David Ampiah: Covid-19 has ruined my calendar this year because I was supposed to be in Turkey some months back. It was going to be a farm practices educational trip that would have seen us gain a lot. We are always open to learning about farm mechanisation practises so that we can bring that back home and increase our yield. Whatever we learn in our many forays, we teach local farmers so that they can improve themselves as well. Farmers need not improve just for the sake of servicing foreign consumers, but also for helping the local economy.


AfricaLive: Agriculture is one of Ghana’s prime sectors that the government is keen on. What would you consider to be the opportunities and threats in your industry not only within Ghana but the rest of the region as well?

David Ampiah: Land is a big issue in this sector. There is the issue of ancestral family land usually owned by families. If your family does not own land, then you can’t farm. We are also losing many acres of land to real estate developers that could have been used for farming and production. Real estate developers can go for years without developing the acres of land they acquire, so we lose years of farm production. We also have a social conditioning problem that has been an issue for many decades. When you erred in school, the punishment was to go and work on the school farm. Punishments of that nature instil an idea that suggests that farming is a punishment, and not a viable career option.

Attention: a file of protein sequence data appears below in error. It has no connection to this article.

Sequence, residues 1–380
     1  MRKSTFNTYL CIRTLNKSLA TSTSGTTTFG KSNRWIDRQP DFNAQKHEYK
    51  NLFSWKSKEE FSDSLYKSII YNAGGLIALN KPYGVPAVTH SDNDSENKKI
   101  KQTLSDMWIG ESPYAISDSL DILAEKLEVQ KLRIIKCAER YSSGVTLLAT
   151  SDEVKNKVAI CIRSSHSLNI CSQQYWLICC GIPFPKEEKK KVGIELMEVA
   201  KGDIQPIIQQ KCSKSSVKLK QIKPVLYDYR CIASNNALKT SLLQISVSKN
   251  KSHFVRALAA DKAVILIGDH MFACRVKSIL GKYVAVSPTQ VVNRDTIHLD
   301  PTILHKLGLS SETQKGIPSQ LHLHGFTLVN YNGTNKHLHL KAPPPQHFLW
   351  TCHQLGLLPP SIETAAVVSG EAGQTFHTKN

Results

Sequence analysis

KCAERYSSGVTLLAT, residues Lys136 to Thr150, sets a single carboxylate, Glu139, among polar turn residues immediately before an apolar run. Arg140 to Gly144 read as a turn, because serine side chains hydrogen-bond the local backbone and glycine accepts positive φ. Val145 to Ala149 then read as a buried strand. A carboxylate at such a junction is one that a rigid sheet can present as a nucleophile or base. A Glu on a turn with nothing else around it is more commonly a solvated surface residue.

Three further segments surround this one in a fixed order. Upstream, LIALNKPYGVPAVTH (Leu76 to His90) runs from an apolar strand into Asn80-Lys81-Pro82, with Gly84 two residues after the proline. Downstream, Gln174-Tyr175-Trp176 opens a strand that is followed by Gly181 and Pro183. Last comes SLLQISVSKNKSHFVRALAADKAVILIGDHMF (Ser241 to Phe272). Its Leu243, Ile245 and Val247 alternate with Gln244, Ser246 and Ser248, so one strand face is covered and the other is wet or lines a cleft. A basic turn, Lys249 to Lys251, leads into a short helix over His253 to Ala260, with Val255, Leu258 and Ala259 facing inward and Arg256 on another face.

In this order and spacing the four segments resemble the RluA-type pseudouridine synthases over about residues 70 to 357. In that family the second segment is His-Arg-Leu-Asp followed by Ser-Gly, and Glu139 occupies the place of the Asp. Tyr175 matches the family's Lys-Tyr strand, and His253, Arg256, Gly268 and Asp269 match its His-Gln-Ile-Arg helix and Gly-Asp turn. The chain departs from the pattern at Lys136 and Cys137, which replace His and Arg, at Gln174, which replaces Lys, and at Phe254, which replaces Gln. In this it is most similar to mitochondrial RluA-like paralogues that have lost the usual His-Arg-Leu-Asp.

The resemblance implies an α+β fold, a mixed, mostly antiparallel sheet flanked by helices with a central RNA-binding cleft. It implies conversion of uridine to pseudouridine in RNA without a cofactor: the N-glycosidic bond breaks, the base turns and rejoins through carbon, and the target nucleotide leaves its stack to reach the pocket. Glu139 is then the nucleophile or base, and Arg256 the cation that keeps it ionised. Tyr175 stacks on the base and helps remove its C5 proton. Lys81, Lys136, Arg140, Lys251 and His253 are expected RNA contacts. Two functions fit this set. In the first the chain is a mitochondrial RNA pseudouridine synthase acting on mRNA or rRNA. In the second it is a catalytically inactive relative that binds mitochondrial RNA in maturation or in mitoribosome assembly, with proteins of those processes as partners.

Most parents also do not entertain the idea of their children being into agribusiness; they would rather they become accountants or other mainstreamed professions. Social conditioning like this hurts agricultural innovation in our countries, as well as food security. We must rectify this through our school system and instil the idea that farming is one of the best career options to pursue. Our industry also suffers from tight funding that leads to things like poor irrigation practices, where we only depend on the seasonal rains for sustainable farming.